Jackson County Times

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Thursday, October 29, 2009

The Ghost of Bellamy Bridge is Popular Local Legend

By Dale Cox

A few miles north of Marianna, the Chipola River flows silently beneath the rusting framework of an old iron bridge. Historic in its own right, Bellamy Bridge is one of the last surviving such structures in Florida. It takes its name from previous spans that crossed the river at that point, but it is undoubtedly best known as the centerpiece of a fascinating legend.

The Bellamy Bridge ghost story is Jackson County’s most enduring legend. It revolves around Elizabeth Jane Bellamy, a young woman who died in 1837. Her lonely grave is just a few hundred yards from the old bridge. As the story goes, she was the young bridge of Dr. Samuel C. Bellamy, a prominent member of early Florida society. They supposedly were married in Marianna on May 11, 1837, but Elizabeth somehow came into contact with an open fire and her beautiful wedding gown burst into flames. She ran from the house in panic and engulfed in fire. After lingering for days, Elizabeth supposedly died from her injuries and was buried beneath a grove of trees near today’s Bellamy Bridge.

As the years passed, a story grew that Elizabeth’s lonely ghost could be seen roaming the swamps around Bellamy Bridge. It was described in various ways, but most often as a silent figure that could be seen moving through the trees late at night. It is a fascinating tale and a unique reminder of the time when story-telling was a leading form of entertainment among local residents. As is often the case, though, the real story is quite a bit different than the legend.

Family letters indicate that Samuel and Elizabeth were actually married in North Carolina on July 15, 1834, three years before the date of the supposed Florida wedding. They settled on the Rock Cave Plantation northwest of Marianna (near Baker Creek) and had a son named Alexander.

In 1836, however, the entire family was stricken with fever. Malaria was then a scourge on the people of Jackson County and was no respecter of wealth or social status. Samuel eventually recovered from the illness, but Elizabeth and the baby did not. According to an obituary that appeared in the Tallahassee Floridian at the time, Elizabeth died on May 11, 1837. Her baby, Alexander, followed seven days later. The two were buried side by side in the little cemetery near Bellamy Bridge. The site was then on the plantation of Samuel’s brother, Edward.

Dr. Samuel Bellamy went on to build a magnificent mansion in Marianna and represented Jackson County at the Florida Constitutional Convention at St. Joseph (today’s Port St. Joe) in 1838. He became an alcoholic, however, and killed himself at the tavern at Chattahoochee Landing in 1853 by slashing his own throat.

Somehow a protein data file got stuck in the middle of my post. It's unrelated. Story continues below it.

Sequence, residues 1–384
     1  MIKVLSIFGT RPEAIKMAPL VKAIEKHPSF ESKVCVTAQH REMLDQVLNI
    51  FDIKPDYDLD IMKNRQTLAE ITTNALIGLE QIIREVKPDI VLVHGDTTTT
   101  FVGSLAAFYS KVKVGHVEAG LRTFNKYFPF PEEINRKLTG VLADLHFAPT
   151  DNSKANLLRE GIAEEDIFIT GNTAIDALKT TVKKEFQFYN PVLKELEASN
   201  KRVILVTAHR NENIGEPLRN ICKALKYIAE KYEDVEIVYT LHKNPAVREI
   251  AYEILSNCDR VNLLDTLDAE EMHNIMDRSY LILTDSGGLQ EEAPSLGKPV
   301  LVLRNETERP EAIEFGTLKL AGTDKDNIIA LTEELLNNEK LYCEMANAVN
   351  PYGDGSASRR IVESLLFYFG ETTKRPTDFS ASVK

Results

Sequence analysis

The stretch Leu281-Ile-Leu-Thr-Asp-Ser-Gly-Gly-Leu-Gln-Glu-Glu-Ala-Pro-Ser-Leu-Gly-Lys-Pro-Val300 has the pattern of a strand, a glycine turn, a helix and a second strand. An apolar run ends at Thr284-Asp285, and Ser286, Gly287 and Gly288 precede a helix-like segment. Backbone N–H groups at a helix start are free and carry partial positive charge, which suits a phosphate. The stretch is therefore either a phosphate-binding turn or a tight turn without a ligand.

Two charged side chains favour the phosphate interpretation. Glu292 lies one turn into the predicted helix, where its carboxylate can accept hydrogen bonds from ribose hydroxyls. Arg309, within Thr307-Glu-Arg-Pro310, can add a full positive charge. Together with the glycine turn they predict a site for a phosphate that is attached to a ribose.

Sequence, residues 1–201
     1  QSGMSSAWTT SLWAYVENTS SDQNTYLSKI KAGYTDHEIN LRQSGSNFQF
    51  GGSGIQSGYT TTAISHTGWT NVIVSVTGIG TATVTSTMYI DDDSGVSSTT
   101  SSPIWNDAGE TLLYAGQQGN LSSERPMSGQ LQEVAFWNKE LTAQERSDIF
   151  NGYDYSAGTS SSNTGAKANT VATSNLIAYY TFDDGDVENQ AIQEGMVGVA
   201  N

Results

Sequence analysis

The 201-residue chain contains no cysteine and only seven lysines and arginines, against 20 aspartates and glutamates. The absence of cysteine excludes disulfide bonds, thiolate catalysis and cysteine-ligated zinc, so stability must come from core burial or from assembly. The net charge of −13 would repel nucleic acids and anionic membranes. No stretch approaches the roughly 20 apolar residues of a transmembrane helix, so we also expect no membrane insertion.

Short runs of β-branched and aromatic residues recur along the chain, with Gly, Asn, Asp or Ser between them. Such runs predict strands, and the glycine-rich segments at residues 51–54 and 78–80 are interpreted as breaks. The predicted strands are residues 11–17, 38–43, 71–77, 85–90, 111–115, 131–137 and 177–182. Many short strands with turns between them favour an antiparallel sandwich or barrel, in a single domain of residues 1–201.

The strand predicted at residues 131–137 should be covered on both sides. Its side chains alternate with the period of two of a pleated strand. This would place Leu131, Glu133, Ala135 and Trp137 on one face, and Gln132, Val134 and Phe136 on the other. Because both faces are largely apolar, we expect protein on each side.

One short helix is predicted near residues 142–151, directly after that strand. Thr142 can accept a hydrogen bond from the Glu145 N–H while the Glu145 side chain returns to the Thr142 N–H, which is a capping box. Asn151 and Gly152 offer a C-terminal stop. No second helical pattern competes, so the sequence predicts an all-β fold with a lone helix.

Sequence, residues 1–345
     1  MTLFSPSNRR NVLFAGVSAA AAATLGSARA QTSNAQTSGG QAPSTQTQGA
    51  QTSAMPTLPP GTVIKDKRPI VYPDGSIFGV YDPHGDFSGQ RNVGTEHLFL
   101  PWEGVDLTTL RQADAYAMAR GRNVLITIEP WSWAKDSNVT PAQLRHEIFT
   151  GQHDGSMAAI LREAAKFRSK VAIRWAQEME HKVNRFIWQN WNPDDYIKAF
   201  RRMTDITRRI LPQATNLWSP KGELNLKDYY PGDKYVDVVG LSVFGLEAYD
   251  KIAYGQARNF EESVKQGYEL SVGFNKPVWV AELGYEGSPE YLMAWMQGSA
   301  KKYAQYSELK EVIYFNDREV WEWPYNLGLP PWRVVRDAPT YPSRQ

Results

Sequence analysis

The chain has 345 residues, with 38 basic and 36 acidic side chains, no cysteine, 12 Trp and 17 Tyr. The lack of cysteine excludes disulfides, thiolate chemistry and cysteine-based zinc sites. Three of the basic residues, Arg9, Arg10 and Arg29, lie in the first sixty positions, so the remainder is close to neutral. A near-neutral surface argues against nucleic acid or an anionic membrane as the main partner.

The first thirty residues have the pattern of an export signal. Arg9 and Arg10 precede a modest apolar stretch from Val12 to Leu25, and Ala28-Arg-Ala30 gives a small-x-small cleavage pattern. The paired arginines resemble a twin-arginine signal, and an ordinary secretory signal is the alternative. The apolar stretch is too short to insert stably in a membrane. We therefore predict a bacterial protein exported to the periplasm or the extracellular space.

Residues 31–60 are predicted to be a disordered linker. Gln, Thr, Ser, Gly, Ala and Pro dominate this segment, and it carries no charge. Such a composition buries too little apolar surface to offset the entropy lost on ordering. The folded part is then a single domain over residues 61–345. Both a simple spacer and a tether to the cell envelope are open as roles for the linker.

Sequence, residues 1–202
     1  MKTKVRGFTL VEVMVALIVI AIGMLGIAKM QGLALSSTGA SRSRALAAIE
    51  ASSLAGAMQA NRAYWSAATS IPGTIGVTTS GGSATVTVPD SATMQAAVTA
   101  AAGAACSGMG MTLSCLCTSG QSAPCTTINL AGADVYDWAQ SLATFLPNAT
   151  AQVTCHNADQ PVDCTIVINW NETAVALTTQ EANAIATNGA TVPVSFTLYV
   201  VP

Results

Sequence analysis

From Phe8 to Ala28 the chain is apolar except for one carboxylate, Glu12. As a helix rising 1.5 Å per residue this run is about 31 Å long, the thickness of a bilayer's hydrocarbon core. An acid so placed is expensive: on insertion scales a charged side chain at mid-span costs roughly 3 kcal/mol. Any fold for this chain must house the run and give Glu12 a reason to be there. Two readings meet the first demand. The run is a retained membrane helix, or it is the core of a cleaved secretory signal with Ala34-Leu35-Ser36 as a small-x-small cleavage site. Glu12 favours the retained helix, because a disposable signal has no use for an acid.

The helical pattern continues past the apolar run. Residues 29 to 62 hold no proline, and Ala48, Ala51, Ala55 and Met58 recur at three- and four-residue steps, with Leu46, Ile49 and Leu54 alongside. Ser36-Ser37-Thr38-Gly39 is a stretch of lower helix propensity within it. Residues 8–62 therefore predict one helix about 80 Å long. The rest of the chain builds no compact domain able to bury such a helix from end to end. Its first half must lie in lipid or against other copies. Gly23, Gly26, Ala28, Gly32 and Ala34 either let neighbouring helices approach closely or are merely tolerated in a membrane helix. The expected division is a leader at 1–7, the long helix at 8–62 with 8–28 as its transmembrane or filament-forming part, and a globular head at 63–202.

The true story of the Bellamy family is tragic enough to have created a ghost story in its own right, but the idea was also helped along by a novel written by the famed 19th century novelist Caroline Lee Hentz. Mrs. Hentz lived in Marianna near the end of her life and many of her books eventually came to be associated with Jackson County, even though they were written about other locations. In one, Earnest Linwood, she told the story of a young girl who died in a tragic wedding night fire and then came back to haunt the area around her grave. The plantation where the incident took place was owned by a family named, of all things, Bellamy.

Mrs. Hentz wrote in the introduction to her book, however, that the name was imaginary and that the incident was based on a real event that happened near Columbus, Georgia.

These facts became forgotten over time and it appears that the story told by the 19th century writer became combined in local tradition with the lonely grave of Elizabeth Jane Bellamy near Bellamy Bridge. A ghost story was born. It is a fascinating case of real history combining with literature to create a legend that survives even to this day.

None of this, of course, proves that there is not a ghost at Bellamy Bridge. Many local residents, in fact, swear to have seen something there. Although she did not die in a tragic fire, perhaps Elizabeth Bellamy walks there still. If you would like to read more and see an actual photograph of the “ghost,” please visit www.exploresouthernhistory.com/bellamybridge.

Editor’s Note: Writer and historian Dale Cox is the author of several books on local history, including Two Egg, Florida and The History of Jackson County, Florida: The Early Years, both of which include detailed accounts of the Bellamy Bridge story. His books are available at Chipola River Book and Tea in Downtown Marianna or online at www.amazon.com.

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